But a German newsmagazine is not in competition with a French newspaper: publishing in different languages means publishing to different audiences. So why shouldn’t they translate and use each others’ content to widen and deepen their coverage?

After all, it’s not as if each media writes everything they publish: as revenues fall, most media are republishing more press agency content than ever before. This is big business: Reuters had almost $US13bn in revenues in 2014, for example, while in July 2015 IbisWorld estimated that the UK market alone had revenues of £3bn (€3.9b).

In other words, news is being commoditised, with more media publishing identical content bought from a tiny handful of international press agencies.

Advanced technologies, limited membership

Let’s create a high-quality alternative, where content from trusted partners is machine-translated, automatically categorised and seamlessly delivered directly to all participating medias’ content management systems.

What’s more, let’s build a platform which improves as it grows, with the machine translation engine learning from every correction each participating media makes to its translations.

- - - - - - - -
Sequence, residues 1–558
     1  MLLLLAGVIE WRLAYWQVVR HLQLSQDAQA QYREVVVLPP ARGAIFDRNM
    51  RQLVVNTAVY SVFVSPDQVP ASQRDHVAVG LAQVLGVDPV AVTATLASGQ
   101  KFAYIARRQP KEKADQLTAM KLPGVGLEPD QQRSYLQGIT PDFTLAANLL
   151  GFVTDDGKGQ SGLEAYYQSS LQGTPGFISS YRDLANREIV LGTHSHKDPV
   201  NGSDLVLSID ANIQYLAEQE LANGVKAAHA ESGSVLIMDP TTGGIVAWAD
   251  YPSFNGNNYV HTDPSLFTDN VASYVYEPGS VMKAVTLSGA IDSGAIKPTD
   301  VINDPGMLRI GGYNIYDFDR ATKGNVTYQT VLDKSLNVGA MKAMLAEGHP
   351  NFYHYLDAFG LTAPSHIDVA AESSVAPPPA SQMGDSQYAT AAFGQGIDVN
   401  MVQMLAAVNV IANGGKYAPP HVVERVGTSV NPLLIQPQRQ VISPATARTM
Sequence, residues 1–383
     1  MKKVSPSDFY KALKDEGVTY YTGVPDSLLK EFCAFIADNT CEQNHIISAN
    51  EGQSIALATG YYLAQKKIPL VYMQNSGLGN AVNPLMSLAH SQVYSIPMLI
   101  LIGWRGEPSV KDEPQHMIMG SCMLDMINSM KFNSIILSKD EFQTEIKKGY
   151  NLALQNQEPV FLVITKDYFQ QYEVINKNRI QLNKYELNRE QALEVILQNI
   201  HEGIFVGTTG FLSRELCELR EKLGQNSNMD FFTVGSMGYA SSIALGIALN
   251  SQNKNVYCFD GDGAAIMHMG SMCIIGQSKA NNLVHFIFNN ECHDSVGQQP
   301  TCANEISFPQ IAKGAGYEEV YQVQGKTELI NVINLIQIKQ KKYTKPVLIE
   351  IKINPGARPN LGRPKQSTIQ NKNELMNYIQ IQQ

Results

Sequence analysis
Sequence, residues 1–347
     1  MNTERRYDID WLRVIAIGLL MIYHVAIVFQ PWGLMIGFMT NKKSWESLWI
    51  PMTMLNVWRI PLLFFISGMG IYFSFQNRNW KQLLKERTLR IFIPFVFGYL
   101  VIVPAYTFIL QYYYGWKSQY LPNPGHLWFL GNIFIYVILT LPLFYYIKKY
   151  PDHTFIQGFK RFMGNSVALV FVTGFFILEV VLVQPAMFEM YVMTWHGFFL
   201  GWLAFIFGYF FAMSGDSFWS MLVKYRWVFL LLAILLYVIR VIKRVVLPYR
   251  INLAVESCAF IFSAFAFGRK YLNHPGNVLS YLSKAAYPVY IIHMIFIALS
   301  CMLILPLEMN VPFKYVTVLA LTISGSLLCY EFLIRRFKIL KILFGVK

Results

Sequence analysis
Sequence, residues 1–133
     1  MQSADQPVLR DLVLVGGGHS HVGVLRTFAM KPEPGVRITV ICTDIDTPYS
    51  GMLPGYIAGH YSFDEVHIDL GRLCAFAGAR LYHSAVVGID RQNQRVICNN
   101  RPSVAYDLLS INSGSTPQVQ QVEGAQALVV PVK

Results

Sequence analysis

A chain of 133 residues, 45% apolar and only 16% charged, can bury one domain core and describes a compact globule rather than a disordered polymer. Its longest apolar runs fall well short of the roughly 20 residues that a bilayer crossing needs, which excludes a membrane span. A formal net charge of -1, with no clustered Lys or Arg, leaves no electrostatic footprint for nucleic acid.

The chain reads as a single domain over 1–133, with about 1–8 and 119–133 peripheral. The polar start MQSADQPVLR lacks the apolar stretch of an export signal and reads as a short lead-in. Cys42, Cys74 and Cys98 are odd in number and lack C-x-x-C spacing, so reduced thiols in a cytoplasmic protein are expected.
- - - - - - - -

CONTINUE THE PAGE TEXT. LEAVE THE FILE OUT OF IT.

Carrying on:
Unlike largely manual experiments (Europa club, LENA and the late, this means using some advanced technologies, as summarised at January’s Future Media Lab.

The same event showed that membership will have to be limited. To begin with, one of the key messages which emerged from the Future Media Lab workshop was trust:

“participating media will need to be sure that the content they re-use comes from quality sources, particularly as the Platform may remove the articles’ surrounding context”
Exploring Translated Syndication at Future Media Lab 2016

So it’s clear that only media meeting certain standards can be allowed into the CrossLingual Platform.

Get onboard

By providing seamless, CMS-integrated access to machine translated articles from trusted media, CrossLingual will allow journalists to either localise these translations for their own audience, and/or use them as source material for their own content.

cost-effectively increase revenue by increasing the volume of content produced and/or the depth of coverage

Either way, they will cost-effectively increase revenue by increasing the volume of content produced and/or the depth of their coverage. It will also create a Europe-wide network of cooperating media, providing new pan-European sponsorship and advertising opportunities.

And apart from reinforcing participating medias’ competitiveness and generating new jobs, CrossLingual will help national perspectives flow across borders, supporting Pan-European public debate.

Further reading

Disclosure: as mentioned in the opening paragraph, EurActiv is a client.

(Update, 31/3/16: this project was covered, among many other things, in an interview with professional EU interpreter Alexander Drechsel in his podcast Demos ex machina? Multilingual communication with Mathew Lowry).

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Originally published at on March 29, 2016.